Moving Forward: Audi Dissolving Dieselgate Task Force

Moving Forward: Audi Dissolving Dieselgate Task Force

0 comments 📅17 December 2017, 14:45

Audi CEO Rupert Stadler has announced his companions will dismantle the task force assigned to investigate how many of its diesel cars came equipped with whip devices. The company established the team after Volkswagen Group admitted to selling 11 million diesel models, result of its various brands, with illegal engine management software that hid top NOx emissions during testing.

Even though Volkswagen has found itself smack-dab in the center of another costly wrangling, Stadler claims that Audi is on the cusp of wrapping up its own diesel crisis. “We resolve have documented and processed all the engine/transmission combinations by the end of the first quarter 2018,” the CEO told journalists at Audi’s headquarters in Ingolstadt, Germany, this week. 

According to Automotive Advice Europe, Audi has already handled of up to 850,000 of the contentious V-TDI engines sold across the orb. “We are at an estimated 80 percent,” Stadler said. “We are gradually emerging from the disaster mode and are moving back into regular operation.”

In the past, Stadler has been accused of having knowledge of VW’s diesel see also deceit as early as 2010. Audi has also been faulted for developing defeat devices as premature as 1999, several years before Volkswagen Group used the technology to fake test results. However, the brand doesn’t appear to have deployed the technology on its own cars old to the dieselgate scandal.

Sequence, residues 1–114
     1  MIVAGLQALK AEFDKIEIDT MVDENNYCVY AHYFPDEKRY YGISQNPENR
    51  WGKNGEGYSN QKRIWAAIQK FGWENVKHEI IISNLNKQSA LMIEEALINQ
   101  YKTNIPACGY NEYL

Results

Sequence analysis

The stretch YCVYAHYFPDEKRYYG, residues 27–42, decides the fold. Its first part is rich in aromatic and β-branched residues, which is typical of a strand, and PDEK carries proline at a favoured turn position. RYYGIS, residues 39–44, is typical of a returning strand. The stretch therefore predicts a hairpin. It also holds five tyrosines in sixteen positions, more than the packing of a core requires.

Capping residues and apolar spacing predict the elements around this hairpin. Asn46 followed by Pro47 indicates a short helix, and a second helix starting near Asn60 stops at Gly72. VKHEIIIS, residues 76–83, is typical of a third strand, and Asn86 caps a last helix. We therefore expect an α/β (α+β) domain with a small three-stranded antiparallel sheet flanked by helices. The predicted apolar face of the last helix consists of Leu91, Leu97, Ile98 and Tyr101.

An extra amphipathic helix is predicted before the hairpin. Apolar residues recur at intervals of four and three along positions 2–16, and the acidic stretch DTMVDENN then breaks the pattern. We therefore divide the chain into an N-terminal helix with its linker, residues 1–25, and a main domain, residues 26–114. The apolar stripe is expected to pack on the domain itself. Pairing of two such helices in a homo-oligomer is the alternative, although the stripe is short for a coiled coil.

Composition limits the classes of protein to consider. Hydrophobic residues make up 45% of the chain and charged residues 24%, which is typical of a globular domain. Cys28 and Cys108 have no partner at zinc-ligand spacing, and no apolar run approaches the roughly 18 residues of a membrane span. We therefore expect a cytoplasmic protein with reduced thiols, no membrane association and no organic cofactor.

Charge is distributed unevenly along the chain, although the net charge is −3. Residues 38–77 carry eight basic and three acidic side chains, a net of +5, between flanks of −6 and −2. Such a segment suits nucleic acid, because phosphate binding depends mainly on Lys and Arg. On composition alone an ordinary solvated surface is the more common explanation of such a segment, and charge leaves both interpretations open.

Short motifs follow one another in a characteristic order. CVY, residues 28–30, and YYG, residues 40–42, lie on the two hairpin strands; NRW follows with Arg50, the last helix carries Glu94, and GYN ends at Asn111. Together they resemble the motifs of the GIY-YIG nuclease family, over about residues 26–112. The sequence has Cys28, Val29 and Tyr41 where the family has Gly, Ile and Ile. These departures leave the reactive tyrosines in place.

With the diesel nonsense nearly settled, Audi can now well- on the widespread electrification of its fleet. By 2025, the automaker intends to have more than 20 electrified vehicles in its lineup, accounting for one-third of its gross sales volume. Stadler says meeting emissions requirements is essential shard of Audi’s future success, especially since it wants to expand its global footprint.

“Take this try calculation,” he said. “Missing the fleet average target by 11 grams of CO2 per kilometer would get us a billion euros a year in Europe. So non-fulfillment is not an option.”

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